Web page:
See The Coalition: Our Programme for Government, May 2010, Chapter 4. Article 8 (right to privacy) of the European Convention on Human Rights as incorporated by the HRA.
access to such powers and for what purposes such access is available. It should also consider what further safeguards are required to ensure that RIPA complies with human rights standards, including reviewing the procedure of the Investigatory Powers Tribunal.
Brief background to surveillance powers pre-RIPA
92. Until the introduction of the Interception of Communications Act 1985 there was no statutory regulation of interception of communications (other than some specific offences regarding postal employees and interference with postal communications).110 Before 1985 the practice was for the Secretary of State to issue an executive warrant for interception, although there were no legal consequences if such a warrant was not obtained. The 1985 Act was introduced following a European Court of Human Rights ruling in 1984 that held that the UK was in breach of its obligations under the European Convention on Human Rights (ECHR) as interferences with the right to privacy were not covered by legislation and as such were not “in accordance with law”.111 Additionally, until 1989 the security and intelligence services were not governed by statute and the only official published detail of their work was the Maxwell-Fyfe Directive (a Directive named after the Home Secretary who issued it), which set out an administrative Charter governing the Security Service’s work. The Security Service Act 1989 replaced the 1952 Directive putting the security services on a statutory footing for the first time. The Intelligence Services Act 1994 similarly placed the secret intelligence services on a statutory footing, but it wasn’t until the Security Service Act 1996 that an attempt was made to define what criminal conduct could lead to the grant of an interception warrant or a warrant to enter property by the security and intelligence services.
93. In relation to intrusive surveillance (the use of electronic surveillance devices on private property, but not the bugging of telephones or interception of post), there were Home Office guidelines to govern its use, but no statutory provision, until the advent of the Police Act 1997. This Act introduced a Code of Practice on Intrusive Surveillance that came into force in February 1999.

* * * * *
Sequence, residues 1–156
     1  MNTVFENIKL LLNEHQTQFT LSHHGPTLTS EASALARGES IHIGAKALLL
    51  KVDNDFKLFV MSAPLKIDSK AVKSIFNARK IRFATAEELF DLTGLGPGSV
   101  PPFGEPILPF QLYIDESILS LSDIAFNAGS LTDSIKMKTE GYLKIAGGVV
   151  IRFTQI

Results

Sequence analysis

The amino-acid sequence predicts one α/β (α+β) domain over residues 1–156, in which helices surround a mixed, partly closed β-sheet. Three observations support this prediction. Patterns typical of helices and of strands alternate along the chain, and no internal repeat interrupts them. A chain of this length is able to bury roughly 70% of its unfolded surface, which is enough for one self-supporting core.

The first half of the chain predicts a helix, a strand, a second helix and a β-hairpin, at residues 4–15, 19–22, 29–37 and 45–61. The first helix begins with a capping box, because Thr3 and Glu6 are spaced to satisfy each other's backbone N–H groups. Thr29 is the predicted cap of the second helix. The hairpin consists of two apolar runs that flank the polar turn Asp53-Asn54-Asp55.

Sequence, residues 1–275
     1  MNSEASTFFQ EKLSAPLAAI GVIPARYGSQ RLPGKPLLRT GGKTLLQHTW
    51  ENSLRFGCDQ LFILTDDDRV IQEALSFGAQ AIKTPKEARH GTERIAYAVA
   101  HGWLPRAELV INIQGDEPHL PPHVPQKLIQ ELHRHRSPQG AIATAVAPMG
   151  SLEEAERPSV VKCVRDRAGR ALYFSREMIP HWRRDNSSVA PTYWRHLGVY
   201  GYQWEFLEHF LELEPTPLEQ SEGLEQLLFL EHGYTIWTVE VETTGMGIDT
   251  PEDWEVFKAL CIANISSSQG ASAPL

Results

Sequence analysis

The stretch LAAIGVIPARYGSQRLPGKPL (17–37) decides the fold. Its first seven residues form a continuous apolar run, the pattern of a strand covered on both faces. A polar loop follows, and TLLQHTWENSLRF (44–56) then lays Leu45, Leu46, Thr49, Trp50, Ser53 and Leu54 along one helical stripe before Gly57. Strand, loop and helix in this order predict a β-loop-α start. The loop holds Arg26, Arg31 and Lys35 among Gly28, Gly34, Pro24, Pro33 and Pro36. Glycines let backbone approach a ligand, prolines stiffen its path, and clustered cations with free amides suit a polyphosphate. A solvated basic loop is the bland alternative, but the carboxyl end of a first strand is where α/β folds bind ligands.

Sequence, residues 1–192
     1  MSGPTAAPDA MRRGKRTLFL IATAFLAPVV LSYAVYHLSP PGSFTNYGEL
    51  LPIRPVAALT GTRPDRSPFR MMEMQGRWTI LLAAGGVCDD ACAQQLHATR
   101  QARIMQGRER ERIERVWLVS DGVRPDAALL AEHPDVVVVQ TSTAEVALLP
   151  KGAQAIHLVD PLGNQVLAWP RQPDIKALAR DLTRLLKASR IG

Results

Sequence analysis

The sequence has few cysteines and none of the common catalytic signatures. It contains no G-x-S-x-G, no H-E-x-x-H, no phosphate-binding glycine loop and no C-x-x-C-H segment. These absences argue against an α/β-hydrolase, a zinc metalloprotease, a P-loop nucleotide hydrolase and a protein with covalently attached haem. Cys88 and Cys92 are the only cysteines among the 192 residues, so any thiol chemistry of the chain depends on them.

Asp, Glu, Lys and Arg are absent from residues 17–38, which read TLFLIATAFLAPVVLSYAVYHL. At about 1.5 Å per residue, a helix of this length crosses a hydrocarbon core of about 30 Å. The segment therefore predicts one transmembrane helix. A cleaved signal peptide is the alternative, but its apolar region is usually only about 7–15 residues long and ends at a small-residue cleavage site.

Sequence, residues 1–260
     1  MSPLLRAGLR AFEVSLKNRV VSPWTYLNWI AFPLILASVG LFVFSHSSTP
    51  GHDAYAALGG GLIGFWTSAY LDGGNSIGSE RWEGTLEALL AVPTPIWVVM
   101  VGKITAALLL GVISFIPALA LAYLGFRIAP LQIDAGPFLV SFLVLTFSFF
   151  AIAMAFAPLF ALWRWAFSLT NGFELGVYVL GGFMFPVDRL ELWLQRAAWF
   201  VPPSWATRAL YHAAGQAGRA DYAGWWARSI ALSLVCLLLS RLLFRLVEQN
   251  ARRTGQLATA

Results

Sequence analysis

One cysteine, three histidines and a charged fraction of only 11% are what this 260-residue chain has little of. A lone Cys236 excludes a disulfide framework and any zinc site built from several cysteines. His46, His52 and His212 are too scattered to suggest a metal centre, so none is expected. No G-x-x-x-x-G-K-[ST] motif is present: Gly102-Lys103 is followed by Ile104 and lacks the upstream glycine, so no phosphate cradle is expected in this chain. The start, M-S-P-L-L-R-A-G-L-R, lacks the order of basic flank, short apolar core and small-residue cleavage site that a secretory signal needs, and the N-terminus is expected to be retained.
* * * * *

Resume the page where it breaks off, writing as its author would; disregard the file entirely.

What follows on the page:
Section 20 of the Telegraph Act 1868 made it a criminal offence if any Post Office official "shall, contrary to his duty, disclose or in any way make known or intercept the contents or any part of the contents of any telegraphic message or any message entrusted to the [Post Office] for the purpose of transmission”. 111 See Malone v UK, 1984, ECtHR, Application no. 8691/79. See in particular paragraph 79 “it cannot be said with any reasonable certainty what elements of the powers to intercept are incorporated in legal rules and what elements remain within the discretion of the executive”.
Available RIPA powers
94. After the introduction of the HRA, RIPA was introduced in an attempt to build human rights safeguards – the tests of necessity and proportionality – into the authorisation of surveillance. Yet, although it was a step forward, as the Act attempted to remain faithful to those that had passed before it112 the result is a byzantine piece of legislation that is as confusing as it is insidious. 95. The Act is extremely complicated. The Court of Appeal has labelled it “a particularly puzzling statute”113 and Lord Bingham in the House of Lords described it as “perplexing”, noting that “the trial judge and the Court of Appeal found it difficult to construe the provisions of the Act with confidence, and the House has experienced the same difficulty”.114 When one of the most eminent jurists in the land finds it difficult to comprehend an Act of Parliament it certainly raises very real doubts over its accessibility. This is particularly troubling given the large number of bodies that now have access to powers contained within it, including of course, hundreds of local authorities. This difficulty is compounded by the fact that it has spawned an unprecedented number of statutory instruments (over 30) which must be consulted in order to fully understand the remit of RIPA’s powers.